The non-alcoholic beer market is surging, and that doesn’t just have to do with Dry January. According to a recent CivicScience poll, one-third of U.S. drinking age adults who sat things out last month are ‘very likely’ to change their alcohol consumption habits in light of recent research suggesting that even small amounts of alcohol can be harmful. Perhaps not coincidentally, half of those who are ‘very likely’ to change their habits have also tried non-alcoholic beer.

So what else are we seeing in the non-alcoholic beer market? Compared to a study from last October, overall interest in NA beverages is up 16% – which is impressive for a fairly niche interest in a short period of time.

While the vast majority of U.S. drinking age adults aren’t drinking non-alcoholic beer, 47% of NA beer drinkers are primarily buying NA beer at grocery stores or convenience stores, with a striking 29% close behind for online services like Drizly. Just 12% are primarily buying NA beer at bars or restaurants and an additional 12% purchase it at beer distributors.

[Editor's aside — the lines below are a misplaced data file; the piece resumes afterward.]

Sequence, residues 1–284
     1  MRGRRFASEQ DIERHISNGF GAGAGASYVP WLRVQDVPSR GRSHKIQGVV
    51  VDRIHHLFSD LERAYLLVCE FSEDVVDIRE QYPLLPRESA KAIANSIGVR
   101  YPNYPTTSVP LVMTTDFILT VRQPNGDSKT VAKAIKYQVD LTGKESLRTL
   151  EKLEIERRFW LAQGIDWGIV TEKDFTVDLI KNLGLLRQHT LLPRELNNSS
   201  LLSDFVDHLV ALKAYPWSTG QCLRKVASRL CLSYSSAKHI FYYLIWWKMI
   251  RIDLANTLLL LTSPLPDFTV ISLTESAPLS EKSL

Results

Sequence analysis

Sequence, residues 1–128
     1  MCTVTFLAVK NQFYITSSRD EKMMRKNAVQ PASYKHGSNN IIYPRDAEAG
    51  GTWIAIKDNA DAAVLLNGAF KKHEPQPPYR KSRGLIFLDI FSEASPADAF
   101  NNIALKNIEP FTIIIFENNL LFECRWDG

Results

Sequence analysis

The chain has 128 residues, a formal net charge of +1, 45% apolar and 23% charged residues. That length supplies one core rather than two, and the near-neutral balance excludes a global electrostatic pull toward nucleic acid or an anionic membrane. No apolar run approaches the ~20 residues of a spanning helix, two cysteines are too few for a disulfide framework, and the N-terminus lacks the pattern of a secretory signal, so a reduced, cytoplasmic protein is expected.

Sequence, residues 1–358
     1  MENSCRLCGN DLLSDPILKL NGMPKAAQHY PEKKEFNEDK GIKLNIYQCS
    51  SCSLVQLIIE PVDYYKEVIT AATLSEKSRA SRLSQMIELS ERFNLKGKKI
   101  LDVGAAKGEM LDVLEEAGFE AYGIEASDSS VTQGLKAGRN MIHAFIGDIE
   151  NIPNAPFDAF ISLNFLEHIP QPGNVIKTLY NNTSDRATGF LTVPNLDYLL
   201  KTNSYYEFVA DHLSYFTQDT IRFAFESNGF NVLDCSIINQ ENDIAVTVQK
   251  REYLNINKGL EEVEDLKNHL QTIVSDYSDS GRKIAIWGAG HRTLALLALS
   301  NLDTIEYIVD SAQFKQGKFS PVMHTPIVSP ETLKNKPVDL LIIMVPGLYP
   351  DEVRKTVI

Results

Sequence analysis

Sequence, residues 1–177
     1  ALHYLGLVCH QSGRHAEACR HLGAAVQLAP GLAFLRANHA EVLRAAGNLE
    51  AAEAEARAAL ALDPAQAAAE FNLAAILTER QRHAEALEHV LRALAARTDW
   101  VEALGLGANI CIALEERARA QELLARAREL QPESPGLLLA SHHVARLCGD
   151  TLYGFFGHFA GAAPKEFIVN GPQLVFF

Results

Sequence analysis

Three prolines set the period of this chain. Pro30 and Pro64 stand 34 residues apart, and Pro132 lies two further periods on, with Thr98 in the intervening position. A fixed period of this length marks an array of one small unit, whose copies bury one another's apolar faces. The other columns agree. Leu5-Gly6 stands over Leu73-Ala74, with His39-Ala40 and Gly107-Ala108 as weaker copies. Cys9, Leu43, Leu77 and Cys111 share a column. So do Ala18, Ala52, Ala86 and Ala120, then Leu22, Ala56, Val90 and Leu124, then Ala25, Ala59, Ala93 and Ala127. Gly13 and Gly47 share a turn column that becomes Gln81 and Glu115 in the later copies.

According to the latest data, it is overwhelmingly a young person’s game, with just 31% of adults aged 21-24 claiming they don’t drink non-alcoholic beer. As a result, that age group significantly over-indexes for buying non-alcoholic beer at grocery / convenience stores and online services. Younger Millennials (25-34) are also much more likely than the Gen Pop to buy NA beer at a physical or online store.

As an increasing number of beer brands enter the non-alcoholic arena, CivicScience looked at which companies currently have a leg up on the competition. Per the latest favorability data, Lagunitas’ IPNA and Athletic Brewing’s non-alcoholic offerings lead the pack – with everyone else hovering around 20% favorability. (Coors Edge is currently at the bottom of the favorability rankings, with 19% favorable and the highest unfavorables polled at 36%.) 

That said, every brand polled registered a plurality of respondents as ‘neutral’ – so there’s still room for plenty of movement as more drinking-age adults dip their toes into the NA space.

Although non-alcoholic and low-alcohol beer has been around in the U.S. since the Prohibition era, its popularity has yet to fully crest, if recent shifts in consumer interest are any indication. Want to know the latest industry secrets in non-alcoholic beer before your competitors do? Let’s chat.